Changing the culture of how engagers utilise contractors
It’s fair to say that, in my time supporting the temporary labour sector, I have, on many occasions, witnessed engagers treating contractors in much the same way as employees.
The off-payroll legislation was introduced to combat this very practice. Not because the treatment was unfair in any way, but because such behaviour contradicted the spirit in which specific tax laws had been intended.
In essence, the off-payroll legislation was introduced to ensure that if a worker was acting like and being treated like an employee, often defined as a disguised employee, then the income generated should be taxed in the same way as an employee’s income.
However, with responsibilities for IR35 previously sitting solely with the contractor, engagers had little need to invest time and money understanding the fundamentals of a piece of legislation that did not relate to them or have any impact on their business performance or profits.
Contractors are not employees, so don’t treat them like employees
Following the off-payroll reforms in April 2021, engagers in the private sector have now had the responsibility for the off-payroll legislation placed squarely at their door.
Failure to correctly assess the employment status of a contractor engaged by their business could result in fines and penalties for engagers.
All of a sudden, the tables have been turned and engagers have found themselves having to read up on the legislation and gain a true understanding of its implications.
In my opinion, the situation following the reforms in the private sector is clear and simple.
Engagers should hold no fear of utilising contractors who provide their services through an intermediary. However, contractors are not employees, so don’t treat them like employees.
Setting clear parameters and deliverables
If we treat contractors like the service providers they are, and not like employees then we should meet most of the constraints of the off-payroll legislation.
Having a clear and defined plan of what the contractor is being engaged for and for how long will help to clarify the distinction between service provider and employee.
Setting clear parameters and deliverables in the form of a statements of works (SOW) prior to the engagement will give all parties, including any external observer, a transparent and defined picture of the nature of the arrangement.
The SOW should include timescales, milestones and gateways necessary to review the progress and performance of the project.
Deliverables should be defined, achievable and agreed to by all parties along with the financial implications of failure to deliver.
The whole arrangement should contrast to that of an infinite employment arrangement where the employee gets paid irrespective of performance and delivery.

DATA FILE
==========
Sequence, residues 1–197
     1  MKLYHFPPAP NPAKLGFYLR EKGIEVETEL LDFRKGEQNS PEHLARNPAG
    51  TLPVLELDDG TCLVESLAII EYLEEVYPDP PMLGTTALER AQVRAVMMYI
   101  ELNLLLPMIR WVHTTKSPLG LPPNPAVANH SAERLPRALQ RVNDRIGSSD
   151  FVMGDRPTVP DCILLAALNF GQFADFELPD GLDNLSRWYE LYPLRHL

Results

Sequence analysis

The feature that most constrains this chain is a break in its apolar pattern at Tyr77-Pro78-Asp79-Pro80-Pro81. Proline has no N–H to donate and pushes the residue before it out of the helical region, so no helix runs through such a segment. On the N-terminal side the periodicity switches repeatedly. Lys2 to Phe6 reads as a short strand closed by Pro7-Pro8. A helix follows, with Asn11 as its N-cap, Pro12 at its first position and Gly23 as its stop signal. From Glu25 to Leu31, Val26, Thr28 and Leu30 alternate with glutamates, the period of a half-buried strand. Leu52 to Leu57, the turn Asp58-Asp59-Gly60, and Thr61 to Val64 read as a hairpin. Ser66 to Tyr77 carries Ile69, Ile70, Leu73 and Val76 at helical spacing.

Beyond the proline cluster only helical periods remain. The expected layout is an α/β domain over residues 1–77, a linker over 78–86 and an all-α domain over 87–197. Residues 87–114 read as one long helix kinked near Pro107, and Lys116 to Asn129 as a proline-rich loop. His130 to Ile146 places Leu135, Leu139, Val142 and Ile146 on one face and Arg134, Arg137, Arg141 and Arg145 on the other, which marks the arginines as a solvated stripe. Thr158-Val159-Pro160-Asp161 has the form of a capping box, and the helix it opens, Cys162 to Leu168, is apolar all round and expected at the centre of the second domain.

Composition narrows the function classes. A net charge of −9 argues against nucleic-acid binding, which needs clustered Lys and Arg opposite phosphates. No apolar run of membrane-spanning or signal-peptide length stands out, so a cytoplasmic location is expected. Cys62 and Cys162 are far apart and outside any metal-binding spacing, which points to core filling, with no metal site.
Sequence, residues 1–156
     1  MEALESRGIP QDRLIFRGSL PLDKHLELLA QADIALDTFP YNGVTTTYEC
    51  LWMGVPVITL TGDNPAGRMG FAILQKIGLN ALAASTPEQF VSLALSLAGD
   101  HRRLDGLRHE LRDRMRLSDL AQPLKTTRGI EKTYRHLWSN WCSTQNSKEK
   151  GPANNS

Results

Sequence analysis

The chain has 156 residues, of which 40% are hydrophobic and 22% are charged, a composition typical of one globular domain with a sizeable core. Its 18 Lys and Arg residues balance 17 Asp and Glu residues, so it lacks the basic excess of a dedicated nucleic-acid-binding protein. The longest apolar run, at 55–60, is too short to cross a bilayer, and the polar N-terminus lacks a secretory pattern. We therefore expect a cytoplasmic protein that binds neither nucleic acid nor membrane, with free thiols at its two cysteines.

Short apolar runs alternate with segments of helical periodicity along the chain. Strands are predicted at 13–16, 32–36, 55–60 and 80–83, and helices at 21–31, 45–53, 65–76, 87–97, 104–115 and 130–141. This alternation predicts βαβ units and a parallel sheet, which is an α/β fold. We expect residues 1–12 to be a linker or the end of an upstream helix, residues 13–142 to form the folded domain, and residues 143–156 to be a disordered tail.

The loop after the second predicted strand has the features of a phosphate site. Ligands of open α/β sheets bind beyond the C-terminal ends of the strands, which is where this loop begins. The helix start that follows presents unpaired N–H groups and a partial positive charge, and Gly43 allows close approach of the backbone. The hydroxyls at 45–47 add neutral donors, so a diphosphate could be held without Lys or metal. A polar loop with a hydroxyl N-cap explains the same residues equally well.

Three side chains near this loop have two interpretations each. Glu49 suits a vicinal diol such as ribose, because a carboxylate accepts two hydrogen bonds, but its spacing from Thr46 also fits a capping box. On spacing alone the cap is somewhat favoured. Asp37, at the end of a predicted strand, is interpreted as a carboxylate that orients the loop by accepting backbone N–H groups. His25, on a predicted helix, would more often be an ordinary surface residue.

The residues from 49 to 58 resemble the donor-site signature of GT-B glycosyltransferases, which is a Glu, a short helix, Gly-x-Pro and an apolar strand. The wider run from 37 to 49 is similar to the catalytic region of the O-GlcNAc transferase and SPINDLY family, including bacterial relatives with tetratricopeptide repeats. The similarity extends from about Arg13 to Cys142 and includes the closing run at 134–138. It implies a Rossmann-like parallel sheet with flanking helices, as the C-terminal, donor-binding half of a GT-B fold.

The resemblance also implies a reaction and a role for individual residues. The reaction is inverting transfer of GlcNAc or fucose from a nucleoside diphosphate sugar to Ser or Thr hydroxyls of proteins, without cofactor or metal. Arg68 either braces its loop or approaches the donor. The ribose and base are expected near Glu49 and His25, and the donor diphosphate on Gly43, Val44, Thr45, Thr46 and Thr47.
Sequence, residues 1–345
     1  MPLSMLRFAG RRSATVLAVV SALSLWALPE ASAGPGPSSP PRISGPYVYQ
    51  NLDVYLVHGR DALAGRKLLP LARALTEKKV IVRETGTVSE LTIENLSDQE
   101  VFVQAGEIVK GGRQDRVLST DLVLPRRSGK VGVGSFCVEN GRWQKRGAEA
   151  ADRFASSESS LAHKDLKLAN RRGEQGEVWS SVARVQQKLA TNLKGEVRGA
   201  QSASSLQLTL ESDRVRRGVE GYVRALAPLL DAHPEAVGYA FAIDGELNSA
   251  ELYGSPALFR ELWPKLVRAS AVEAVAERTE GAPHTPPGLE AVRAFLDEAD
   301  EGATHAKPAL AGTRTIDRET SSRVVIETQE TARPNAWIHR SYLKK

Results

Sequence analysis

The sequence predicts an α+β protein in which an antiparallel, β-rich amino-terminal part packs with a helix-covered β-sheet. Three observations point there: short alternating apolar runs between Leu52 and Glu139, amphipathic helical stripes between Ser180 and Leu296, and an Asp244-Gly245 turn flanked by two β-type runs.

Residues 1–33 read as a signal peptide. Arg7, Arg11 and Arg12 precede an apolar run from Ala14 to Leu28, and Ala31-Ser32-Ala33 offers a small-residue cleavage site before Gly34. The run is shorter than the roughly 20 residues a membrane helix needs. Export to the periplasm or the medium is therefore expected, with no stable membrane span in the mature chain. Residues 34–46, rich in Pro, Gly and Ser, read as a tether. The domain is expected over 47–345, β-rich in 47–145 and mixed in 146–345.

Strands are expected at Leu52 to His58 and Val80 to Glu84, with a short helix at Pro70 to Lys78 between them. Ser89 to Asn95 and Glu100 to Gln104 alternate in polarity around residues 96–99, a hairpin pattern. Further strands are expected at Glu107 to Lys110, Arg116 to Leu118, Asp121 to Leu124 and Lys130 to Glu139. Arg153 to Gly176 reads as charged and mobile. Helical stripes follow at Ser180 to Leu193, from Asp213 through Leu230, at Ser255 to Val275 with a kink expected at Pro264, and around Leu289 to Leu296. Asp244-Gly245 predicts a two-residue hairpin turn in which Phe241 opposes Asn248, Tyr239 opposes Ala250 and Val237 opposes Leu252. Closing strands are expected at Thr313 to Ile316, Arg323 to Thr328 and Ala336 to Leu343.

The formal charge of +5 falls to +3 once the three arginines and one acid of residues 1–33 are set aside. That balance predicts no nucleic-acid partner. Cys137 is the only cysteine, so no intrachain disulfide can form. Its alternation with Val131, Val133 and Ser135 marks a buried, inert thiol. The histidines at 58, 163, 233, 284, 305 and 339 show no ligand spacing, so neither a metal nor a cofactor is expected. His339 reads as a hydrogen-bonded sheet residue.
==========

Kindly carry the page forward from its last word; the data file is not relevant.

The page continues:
Consistency is the key
Importantly, this methodology must be practiced consistently throughout the organisation.
Simply having a set of written documents that prescribe the above will not be enough to meet the demands of an HMRC investigation.
If contractors are providing their services on site, as is often necessary, inviting them to team meetings or providing them with corporate workwear will undermine the whole arrangement in the eyes of HMRC.
Treating contractors like employees in the workplace must be avoided. From the receptionist to the MD, all members within the organisation need to understand the difference between a contractor and an employee, and treat the individual accordingly.
Guidelines and processes regarding the engagement and treatment of contractors should be clearly communicated throughout the organisation to ensure that there is a consistent approach to contractors throughout the organisation.
Providing training for those that may come into regular contact with contractors or utilise the services of contractors from time to time is also a good way of ensuring consistency in the treatment of contractors.
Whatever you decide to do, consistency is key.
Workr Compliance – helping you to utilise contractors consistently and compliantly
If you and your business have a need to utilise or continue using contractors but have concerns about meeting the requirements of the off-payroll legislation, then Workr Compliance can help.
Workr Compliance can provide you with impartial advice on how to engage high-calibre specialist contractors whilst effectively managing your supply chain in an efficient and compliant manner.
We can help you remain competitive in the demand for specialist skills and talent whilst meeting the requirements of the off-payroll legislation and minimising the risk of an incorrect assessment.
For a free, no-obligation audit and assessment of your IR35 compliance process, you can speak directly with Andy Webster, Founder and Director, Workr Compliance, on 07827 810851 or at email@example.com.
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